### Example Question #3 : Cubes

A rectangular prism has a volume of 144 and a surface area of 192. If the shortest edge is 3, what is the length of the longest diagonal through the prism?

**Possible Answers:**

**Correct answer:**

The volume of a rectangular prism is .

We are told that the shortest edge is 3. Let us call this the height.

We now have , or .

Now we replace variables by known values:

Now we have:

We have thus determined that the other two edges of the rectangular prism will be 4 and 12. We now need to find the longest diagonal. This is equal to:

If you do not remember how to find this directly, you can also do it in steps. You first find the diagonal across one of the sides (in the plane), by using the Pythagorean Theorem. For example, we choose the side with edges 3 and 4. This diagonal will be:

We then use a plane with one side given by the diagonal we just found (length 5) and the other given by the distance of the 3rd edge (length 12).

This diagonal is then .

### Example Question #1 : How To Find The Surface Area Of A Cube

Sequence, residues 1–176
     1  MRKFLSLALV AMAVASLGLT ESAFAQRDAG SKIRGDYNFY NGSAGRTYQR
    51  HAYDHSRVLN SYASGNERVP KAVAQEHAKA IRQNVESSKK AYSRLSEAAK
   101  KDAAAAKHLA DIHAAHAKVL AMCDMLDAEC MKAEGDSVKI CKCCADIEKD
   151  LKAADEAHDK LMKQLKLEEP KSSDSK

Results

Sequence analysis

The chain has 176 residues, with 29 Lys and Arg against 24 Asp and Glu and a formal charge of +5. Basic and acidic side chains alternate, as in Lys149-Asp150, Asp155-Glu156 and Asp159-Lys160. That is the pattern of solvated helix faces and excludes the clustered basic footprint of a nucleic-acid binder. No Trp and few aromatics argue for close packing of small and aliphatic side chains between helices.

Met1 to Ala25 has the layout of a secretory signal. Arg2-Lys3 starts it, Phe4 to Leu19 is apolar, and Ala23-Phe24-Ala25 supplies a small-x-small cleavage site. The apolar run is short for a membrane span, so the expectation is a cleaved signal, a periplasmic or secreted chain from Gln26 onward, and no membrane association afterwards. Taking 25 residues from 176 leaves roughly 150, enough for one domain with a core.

What is the surface area of a cube with a volume of 1728 in^{3}?

**Possible Answers:**

432 in^{2}

864 in^{2}

144 in^{2}

72 in^{2}

1728 in^{2}

**Correct answer:**

864 in^{2}

This problem is relatively simple. We know that the volume of a cube is equal to s^{3}, where s is the length of a given side of the cube. Therefore, to find our dimensions, we merely have to solve s^{3} = 1728. Taking the cubed root, we get s = 12.

Since the sides of a cube are all the same, the surface area of the cube is equal to 6 times the area of one face. For our dimensions, one face has an area of 12 * 12 or 144 in^{2}. Therefore, the total surface area is 6 * 144 = 864 in^{2}.

### Example Question #1 : Cubes

A room has dimensions of 18ft by 15ft by 9ft. The last dimension is the height of the room. It has one door that is 3ft by 7ft and two windows, each 2ft by 5ft. There is no trim to the floor, wall, doors, or windows. What is the total exposed wall space?

**Possible Answers:**

1093ft^{2}

553 ft^{2}

1134ft^{2}

2389ft^{2}

594 ft^{2}

**Correct answer:**

553 ft^{2}

If broken down into parts, this is an easy problem. It is first necessary to isolate the dimensions of the walls. If the room is 9 ft high, we know 18 x 15 designates the area of the floor and ceiling. Based on this, we know that the room has the following dimensions for the walls: 18 x 9 and 15 x 9. Since there are two of each, we can calculate the total area of walls - ignoring doors and windows - by doubling the sum of these two areas:

2 * (18 * 9 + 15 * 9) = 2 * (162 + 135) = 2 * 297 = 594 ft^{2}

Now, we merely need to calculate the area "taken out" of the walls:

For the door: 3 * 7 = 21 ft^{2}

For the windows: 2 * (2 * 5) = 20 ft^{2}

The total wall space is therefore: 594 – 21 – 20 = 553 ft^{2}